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zoom RSS ロンドンの結核発症 10年で50%増/英国医療事情

<<   作成日時 : 2010/12/23 22:31   >>

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 ランセットに発表された論文によれば、ロンドンは西ヨーロッパで最も結核の多い都市であり、ここ10年で50%も増加したという。
画像 17世紀のロンドンでは肺結核による死亡率が1%もあり、エイズの流行で死亡率が急上昇する現在のアフリカより多かった。
 英国では抗生物質・BCGワクチン・よりよい住宅によって1980年までに征服されると考えられたことから、NHSが監視の手をゆるめた。
 新たな発症はほとんどが移民であり、昨年は28%がアフリカから、27%がインドからの移民であった。ビクトリア朝ロンドンと同様に、粗末な住宅地区で多い。さらに3,600人のホームレスで高い発症率である。また、刑務所では耐性菌の発症が多い。
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英国はヨーロッパで最も不健康な国である/英国医療事情
http://kurie.at.webry.info/201012/article_17.html
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London: Tuberculosis Cases Have Increased 50 Percent in Last Decade, Lancet Says
http://www.nytimes.com/2010/12/21/health/21global.html

By DONALD G. McNEIL Jr.
Published: December 20, 2010

London is the tuberculosis capital of Western Europe, according to a recent article in the medical journal Lancet, which said that cases there increased 50 percent in the last decade.

The situation is “reminiscent of the unexpected outbreaks of multidrug-resistant tuberculosis in New York and California prisons in the early 1990s,” wrote Dr. Alimuddin Zumla, an infectious-disease specialist at the University College London Medical School.

In the 17th century, tuberculosis ― called “the white plague” for its victims’ pallor ― is thought to have killed 1 percent of London’s population each year, a far higher death rate than in Africa now, where the epidemic has soared along with AIDS. By 1980, it was considered conquered in Britain by antibiotics, the BCG vaccine and better housing, and the National Health Service cut back on surveillance.

Now, most of the new cases are in immigrants. Last year, 28 percent were in people who arrived from Africa, and 27 percent in people from India.

As in Victorian London, it is more common in districts with poor housing. But it is also very common among the estimated 3,600 homeless who sleep in London’s streets and parks nightly, who are also at higher risk because they more often have drug and alcohol problems, mental illness and AIDS.

And it is becoming more common in prisons, where drug-resistant strains are being diagnosed among both prisoners and guards.

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The Lancet, Early Online Publication, 17 December 2010
doi:10.1016/S0140-6736(10)62176-9Cite or Link Using DOI

The white plague returns to London―with a vengeance

Alimuddin Zumla

In 1660, John Bunyan (1628―88), an English Christian writer and preacher, described tuberculosis as “The Captain among these men of death” when tuberculosis case rates in London had reached a phenomenal 1000 per 100 000 population per year,1 far more than current rates of 340 per 100 000 in sub-Saharan African countries.2 During the 19th century, the white plague, as tuberculosis was named in Victorian Britain (due to the loss of skin colour seen in London tuberculosis patients), continued to ravage Britain, and up to 25% of deaths in Europe were caused by this disease. The death toll from tuberculosis began to fall in London at the start of the 20th century, as living standards (better housing, nutrition, and economic status) improved; subsequent tuberculosis control was achieved by the introduction in the early 1960s of antituberculosis drugs, improved health services, and BCG vaccination. By the early 1980s, tuberculosis was considered to be conquered in the UK and National Health Service (NHS) tuberculosis services were scaled down considerably.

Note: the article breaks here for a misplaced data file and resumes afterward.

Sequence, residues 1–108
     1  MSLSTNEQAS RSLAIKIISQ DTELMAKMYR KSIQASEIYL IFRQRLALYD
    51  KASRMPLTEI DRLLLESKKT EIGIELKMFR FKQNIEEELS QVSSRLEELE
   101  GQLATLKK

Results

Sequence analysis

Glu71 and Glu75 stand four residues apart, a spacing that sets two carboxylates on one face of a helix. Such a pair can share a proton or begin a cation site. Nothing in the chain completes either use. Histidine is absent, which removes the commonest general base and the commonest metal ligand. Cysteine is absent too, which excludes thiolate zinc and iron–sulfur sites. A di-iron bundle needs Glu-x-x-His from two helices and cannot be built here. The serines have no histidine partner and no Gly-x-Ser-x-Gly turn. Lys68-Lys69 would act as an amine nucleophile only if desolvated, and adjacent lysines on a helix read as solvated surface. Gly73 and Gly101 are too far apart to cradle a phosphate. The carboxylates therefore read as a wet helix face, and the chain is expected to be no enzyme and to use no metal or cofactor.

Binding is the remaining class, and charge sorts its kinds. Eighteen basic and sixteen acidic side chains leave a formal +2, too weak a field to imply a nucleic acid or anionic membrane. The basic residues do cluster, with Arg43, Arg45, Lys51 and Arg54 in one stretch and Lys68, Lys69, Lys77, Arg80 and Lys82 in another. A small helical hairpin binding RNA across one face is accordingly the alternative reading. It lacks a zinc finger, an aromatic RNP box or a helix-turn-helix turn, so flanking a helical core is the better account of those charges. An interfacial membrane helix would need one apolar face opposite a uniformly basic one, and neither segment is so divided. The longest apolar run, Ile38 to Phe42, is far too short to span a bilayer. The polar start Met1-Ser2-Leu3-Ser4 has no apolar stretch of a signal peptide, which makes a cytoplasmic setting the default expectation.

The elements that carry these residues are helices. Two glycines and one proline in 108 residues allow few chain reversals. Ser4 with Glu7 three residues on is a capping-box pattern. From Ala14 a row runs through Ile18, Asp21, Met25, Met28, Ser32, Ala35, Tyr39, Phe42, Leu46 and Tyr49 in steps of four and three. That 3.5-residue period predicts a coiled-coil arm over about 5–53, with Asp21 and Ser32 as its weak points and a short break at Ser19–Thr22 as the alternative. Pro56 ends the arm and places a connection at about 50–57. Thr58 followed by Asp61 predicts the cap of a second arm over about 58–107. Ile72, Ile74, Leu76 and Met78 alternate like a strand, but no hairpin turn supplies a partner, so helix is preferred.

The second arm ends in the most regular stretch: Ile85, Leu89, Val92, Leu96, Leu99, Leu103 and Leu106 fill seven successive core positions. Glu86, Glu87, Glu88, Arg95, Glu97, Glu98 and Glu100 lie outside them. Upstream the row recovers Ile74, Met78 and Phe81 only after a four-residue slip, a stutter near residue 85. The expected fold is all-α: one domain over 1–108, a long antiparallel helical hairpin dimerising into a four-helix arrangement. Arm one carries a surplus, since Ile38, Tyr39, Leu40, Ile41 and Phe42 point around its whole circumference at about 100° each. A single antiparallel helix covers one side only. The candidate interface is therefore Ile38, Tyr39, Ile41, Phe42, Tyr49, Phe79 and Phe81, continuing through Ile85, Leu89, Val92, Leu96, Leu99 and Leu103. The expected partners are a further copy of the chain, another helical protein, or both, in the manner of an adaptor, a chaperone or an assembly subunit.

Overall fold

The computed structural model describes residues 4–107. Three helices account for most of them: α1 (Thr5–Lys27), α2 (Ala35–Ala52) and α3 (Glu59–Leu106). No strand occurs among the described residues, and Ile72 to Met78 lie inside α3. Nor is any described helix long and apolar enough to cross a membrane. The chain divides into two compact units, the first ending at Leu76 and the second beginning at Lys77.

Presently, 1?7 million people die of tuberculosis globally each year and the disease is out of control in 22 high-burden countries worldwide.2 Easy travel and migration, and poor socio-economic and living conditions in certain groups, have allowed the disease to re-surface as a public health problem in all European countries. The incidence in the UK has gradually increased over the past 15 years. In 2009, over 9000 cases were reported, a rate of 14?6 per 100 000 population.3, 4 This pattern is striking when compared with the general decline in other western European countries; the UK is the only European country where tuberculosis incidence rates continue to rise.3
Tuberculosis has returned to London in force with an increase in the number of cases by nearly 50% since 1999, from 2309 in 1999 to 3450 in 2009,3 accounting for almost 40% of all tuberculosis cases in the UK.3, 4 Because the current gold standard for diagnosis (sputum microscopy and culture) only detects up to 70% of active cases, and London general practitioners require education and heightened awareness to improve diagnosis,5 the number of cases reported is underestimated. Drug-resistant tuberculosis is also becoming an important problem in London. During the past 10 years, an ongoing outbreak of isoniazid-resistant tuberculosis in hard-to-reach groups is spreading, with 172 isoniazid-resistant cases reported in London in 2009.6 Ominously, there were a further 58 cases of multidrug-resistant tuberculosis in 2009.7



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